Finance: Research, Policy and Anecdotes

So here we are. More than 3.5 years after the referendum the UK finally leaves the EU. The cliff-edge of a no-deal Brexit has been avoided, to be replaced with the fear of a no-trade deal cliff-edge at the end of 2020 when the transition period ends.


Before leaving, the public was again exposed to the rather confused approach of the UK to the EU and Brexit.   A few days ago, even the Brexit MEPs noticed that Brexit implies loss of influence in Brussels.   And last weekend the FT exposed us to the confusion that many British intellectuals have about the EU and the role of the UK in Europe as well the Little England philosophy. And while the EU has clearly set out its negotiation strategy, the UK government keeps sending confusing signals (one day it is complete divergence in regulatory standards, the next day no divergence at any price).  If this looks like deja-vu from the withdrawal treaty negotiations, then yes, welcome to the next season of the Brexit soap opera.


As Tony Connelly pointed out, the negotiations will not result in a Canada plus/minus agreement, but rather in a Swiss-type approach, especially given the time pressure, a patchwork of different agreements, with permanent negotiations for the next decade.  So, the end of the transition period will be dominated by Swiss cheese – a new framework of EU-UK relationships with lots of holes. In addition to negotiations on the future relationship between the UK and the EU, the practical arrangements for the customs border between Great Britain and Northern Ireland will offer ample space for conflicts in the future. And the more the UK diverges from the EU, the harder the Irish Sea customs border turns.


Boris Johnson has declared that Brexit is done and that the word is not to be used after 11 pm tonight. Some observers predict that trade negotiations are technical so will not attract headlines. But how will he (and government, Tories, Brexit media etc.) refer to the negotiations with the EU, especially once they turn nasty and affect the future of manufacturing companies in the UK? What about the future of the fishery industry? Will they claim that the EU is taking revenge against the “independent UK” after Brexit by not allowing the UK to have its cake and eat it? Will they blame again the civil servants for caving in? And what if the dream of a US and an EU trade agreement before the end of the year is not achieved? It will be hard to disentangle the next phase from the previous one, even in the mind of the most-convinced Brexit voters.


There is more and more evidence on the high price that the UK has already paid for Brexit over the past year, with the weekly bill now even exceeding the fake 350 millions Brexiters claimed the UK pays to the EU every week. There are now clear indications that the manufacturing sector will decline if the Johnson government follows its approach of divergence from the EU (and even under a zero-tariffs, zero quota regime). But will Brexiters ever acknowledge that there were wrong in their predictions? Certainly not; it will always be someone else’s fault.  And assuming there will be no cliff-edge at the end of the transition period (either because it gets extended or there will be a bare-bone agreement in place with lots of additional temporary measures unilaterally introduced by the EU), the decline will be a slow one. In addition, the economic predictions of lower growth and GDP loss are under ceteris paribus assumptions (with lots of other things moving, e.g., increasing government deficits to cushion any economic hit), so simple comparisons undertaken in ten years might not give necessarily the same picture as a hypothetical counterfactual of the UK having stayed in the EU.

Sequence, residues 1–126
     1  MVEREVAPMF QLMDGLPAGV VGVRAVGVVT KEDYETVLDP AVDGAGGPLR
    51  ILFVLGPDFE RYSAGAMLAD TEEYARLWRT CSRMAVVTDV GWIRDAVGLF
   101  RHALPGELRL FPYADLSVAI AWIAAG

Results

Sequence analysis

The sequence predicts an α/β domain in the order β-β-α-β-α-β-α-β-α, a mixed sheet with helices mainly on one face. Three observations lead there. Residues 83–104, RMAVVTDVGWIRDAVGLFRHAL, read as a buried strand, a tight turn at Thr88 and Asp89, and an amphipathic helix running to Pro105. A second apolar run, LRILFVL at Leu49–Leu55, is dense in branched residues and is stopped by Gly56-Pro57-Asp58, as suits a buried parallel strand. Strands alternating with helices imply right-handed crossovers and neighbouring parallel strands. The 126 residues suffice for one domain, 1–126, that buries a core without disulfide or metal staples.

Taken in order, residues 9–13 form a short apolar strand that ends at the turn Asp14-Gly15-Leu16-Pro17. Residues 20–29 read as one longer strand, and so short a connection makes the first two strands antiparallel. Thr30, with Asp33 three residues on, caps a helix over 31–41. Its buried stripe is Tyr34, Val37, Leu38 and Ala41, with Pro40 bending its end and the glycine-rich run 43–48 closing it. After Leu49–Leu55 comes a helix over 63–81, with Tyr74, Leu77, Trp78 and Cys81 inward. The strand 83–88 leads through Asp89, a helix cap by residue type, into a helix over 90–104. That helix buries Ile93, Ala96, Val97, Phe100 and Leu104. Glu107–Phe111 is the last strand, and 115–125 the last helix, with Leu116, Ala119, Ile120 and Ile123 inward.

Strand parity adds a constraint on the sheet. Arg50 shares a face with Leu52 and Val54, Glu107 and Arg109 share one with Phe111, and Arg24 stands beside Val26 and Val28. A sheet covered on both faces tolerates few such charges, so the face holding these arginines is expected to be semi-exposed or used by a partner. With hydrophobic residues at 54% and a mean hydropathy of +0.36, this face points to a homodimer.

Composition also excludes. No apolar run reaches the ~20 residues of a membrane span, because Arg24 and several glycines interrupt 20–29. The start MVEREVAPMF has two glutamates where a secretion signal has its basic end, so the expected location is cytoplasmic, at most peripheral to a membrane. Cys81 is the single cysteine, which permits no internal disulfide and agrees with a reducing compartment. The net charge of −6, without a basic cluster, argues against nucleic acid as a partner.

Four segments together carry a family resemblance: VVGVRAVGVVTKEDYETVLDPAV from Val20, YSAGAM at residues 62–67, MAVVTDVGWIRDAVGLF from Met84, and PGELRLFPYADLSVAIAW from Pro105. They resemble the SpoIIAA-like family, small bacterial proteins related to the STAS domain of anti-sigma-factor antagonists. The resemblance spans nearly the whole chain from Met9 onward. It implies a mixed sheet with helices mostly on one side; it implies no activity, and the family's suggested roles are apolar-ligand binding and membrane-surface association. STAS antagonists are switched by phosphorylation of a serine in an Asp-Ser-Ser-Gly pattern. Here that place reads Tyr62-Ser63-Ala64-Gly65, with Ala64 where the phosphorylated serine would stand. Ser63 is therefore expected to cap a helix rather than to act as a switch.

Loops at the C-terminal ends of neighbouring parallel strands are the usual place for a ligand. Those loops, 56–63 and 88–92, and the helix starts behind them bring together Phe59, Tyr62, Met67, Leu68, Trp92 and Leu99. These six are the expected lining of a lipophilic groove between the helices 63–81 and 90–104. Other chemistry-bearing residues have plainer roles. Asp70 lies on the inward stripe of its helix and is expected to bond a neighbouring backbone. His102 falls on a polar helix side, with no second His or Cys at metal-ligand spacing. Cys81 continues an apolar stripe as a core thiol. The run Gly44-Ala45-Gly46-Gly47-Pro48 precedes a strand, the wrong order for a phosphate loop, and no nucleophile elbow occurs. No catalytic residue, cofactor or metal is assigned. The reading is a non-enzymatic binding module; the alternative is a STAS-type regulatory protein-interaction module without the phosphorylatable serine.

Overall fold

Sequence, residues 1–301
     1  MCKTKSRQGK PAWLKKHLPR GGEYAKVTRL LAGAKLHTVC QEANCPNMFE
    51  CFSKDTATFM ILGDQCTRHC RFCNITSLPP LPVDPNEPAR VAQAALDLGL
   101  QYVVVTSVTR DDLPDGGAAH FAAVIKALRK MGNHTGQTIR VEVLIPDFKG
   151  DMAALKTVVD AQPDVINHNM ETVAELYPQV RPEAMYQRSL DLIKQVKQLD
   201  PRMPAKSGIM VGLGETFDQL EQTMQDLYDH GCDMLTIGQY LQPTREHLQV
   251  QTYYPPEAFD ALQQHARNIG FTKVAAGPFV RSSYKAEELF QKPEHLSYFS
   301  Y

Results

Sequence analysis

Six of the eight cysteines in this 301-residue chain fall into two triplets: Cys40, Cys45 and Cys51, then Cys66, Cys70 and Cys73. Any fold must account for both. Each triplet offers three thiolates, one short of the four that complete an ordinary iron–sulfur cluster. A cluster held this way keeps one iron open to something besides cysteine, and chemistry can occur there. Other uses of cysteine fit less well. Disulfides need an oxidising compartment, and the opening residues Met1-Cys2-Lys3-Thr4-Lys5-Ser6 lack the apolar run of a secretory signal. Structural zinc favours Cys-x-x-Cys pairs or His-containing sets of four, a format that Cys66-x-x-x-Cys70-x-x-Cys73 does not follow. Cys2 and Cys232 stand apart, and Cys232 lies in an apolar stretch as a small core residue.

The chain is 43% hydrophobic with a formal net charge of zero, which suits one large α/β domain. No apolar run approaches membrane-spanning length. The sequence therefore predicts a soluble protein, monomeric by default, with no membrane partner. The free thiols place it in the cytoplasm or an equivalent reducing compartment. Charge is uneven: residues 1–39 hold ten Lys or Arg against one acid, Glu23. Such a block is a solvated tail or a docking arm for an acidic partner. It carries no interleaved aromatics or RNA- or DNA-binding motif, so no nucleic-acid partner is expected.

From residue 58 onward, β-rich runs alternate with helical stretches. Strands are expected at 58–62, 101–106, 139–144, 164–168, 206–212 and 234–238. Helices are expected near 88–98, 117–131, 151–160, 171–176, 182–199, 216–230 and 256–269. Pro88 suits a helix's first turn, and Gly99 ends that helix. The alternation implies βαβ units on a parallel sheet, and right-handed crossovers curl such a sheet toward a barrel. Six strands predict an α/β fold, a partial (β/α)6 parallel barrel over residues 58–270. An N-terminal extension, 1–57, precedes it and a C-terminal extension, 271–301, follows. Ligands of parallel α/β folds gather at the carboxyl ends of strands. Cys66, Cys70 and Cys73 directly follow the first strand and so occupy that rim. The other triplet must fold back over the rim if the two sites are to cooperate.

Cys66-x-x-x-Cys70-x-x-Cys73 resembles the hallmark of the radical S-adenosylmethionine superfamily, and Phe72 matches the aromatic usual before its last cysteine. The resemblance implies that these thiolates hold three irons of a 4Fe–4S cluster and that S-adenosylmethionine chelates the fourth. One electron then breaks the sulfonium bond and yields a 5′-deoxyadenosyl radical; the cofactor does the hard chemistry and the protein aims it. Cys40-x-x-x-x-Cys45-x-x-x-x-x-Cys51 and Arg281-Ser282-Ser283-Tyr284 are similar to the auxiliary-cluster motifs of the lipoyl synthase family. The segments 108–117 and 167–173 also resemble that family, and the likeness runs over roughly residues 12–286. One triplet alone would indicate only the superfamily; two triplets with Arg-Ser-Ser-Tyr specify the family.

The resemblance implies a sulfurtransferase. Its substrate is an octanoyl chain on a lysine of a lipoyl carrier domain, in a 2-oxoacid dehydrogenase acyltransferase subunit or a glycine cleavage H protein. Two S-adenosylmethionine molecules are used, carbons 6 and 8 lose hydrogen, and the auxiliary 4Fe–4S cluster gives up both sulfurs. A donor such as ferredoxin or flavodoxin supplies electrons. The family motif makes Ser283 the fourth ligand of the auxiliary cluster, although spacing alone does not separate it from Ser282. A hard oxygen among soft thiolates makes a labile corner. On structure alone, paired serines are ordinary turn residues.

There are those who hope that the UK will rejoin the EU quickly.  I think this is a rather naïve hope. It would require a much broader political and societal consensus than 52-48 to do so and the UK is far away from that. And there is the “minor” issue that leavers and remainers keep forgetting – joining the EU is based on negotiations between the UK and the EU!  The best that remainers (after 11 pm aka rejoiners) can hope for and should work towards is a closer alignment of the UK with the EU in the future, the Norway model, which in turn might eventually lead to a rejoining in the second half of this century.  


Today is a sad day. Brexit makes the UK poorer and the EU smaller and possibly weaker. Unfortunately, it is not the end of a sad story, but just the beginning of what will be a fraught cross-channel relationship, with lots of potential for future conflicts.

My last conference of the year (and even decade) was on Funding Stability and Financial Regulation and organised by ACPR and ANR in Paris. Yet, another financial stability workshop, I thought, but it turned out to include a number of very interesting and policy-relevant papers, some of whom I will mention in the following. I will not discuss my own paper, as I will dedicate a separate blog entry to it next year, when a presentable working paper version will be finally ready.


Helene Rey presented work on Machine Learning and the Financial Crisis. Using a general framework that draws on different crisis prediction models in a type of meta-analysis, it improves on standard crisis prediction models (which typically have a relatively poor out-of-sample prediction power) and is able to predict systemic financial crises 12 quarters ahead in quasi-real time with very high signal to noise ratio.  Melina Papoutsi shows the importance of lending relationship for borrowers that fall in distress. Using data from Greece, she shows that firms that experience an exogenous interruption in their loan officer relationship are less likely to renegotiate their loans and, if they manage to renegotiate, they are given relatively tougher loan terms, compared to firms whose loan officer relationships were not interrupted. Relating this to my own work, yet again, more evidence that personal lending relationships are far from dead. My former colleague Max Bruche presented fascinating work on leveraged loan syndication (a better description would be: junk loan syndication), making a strong case that supervisors better pay more attention to retention risk in this market segment. Neeltje van Horen presented a paper that is effectively an impact evaluation of Basel III on the repo market. Specifically, she shows that the adoption of the leverage ratio (which should have a dampening effect on low-margin business such as repo transactions) had transitory effects on the access to the repo markets by smaller clients. Thibault Libert shows that large borrowers can have an impact on aggregate lending, in work that uses credit registry data from France and builds on an expanding literature that looks at the importance of firm-specific shocks for macro-aggregates. Laura Blattner uses Portuguese credit registry data to show that increased capital requirement can have perverse consequences as affected banks respond by not only cutting lending but also by reallocating credit to distressed firms with underreported loan losses. Finally, Eva Schliephake presented some very interesting theory work on how informed and uninformed depositors interact in bank runs, showing that more information can actually result in a higher likelihood of panic runs.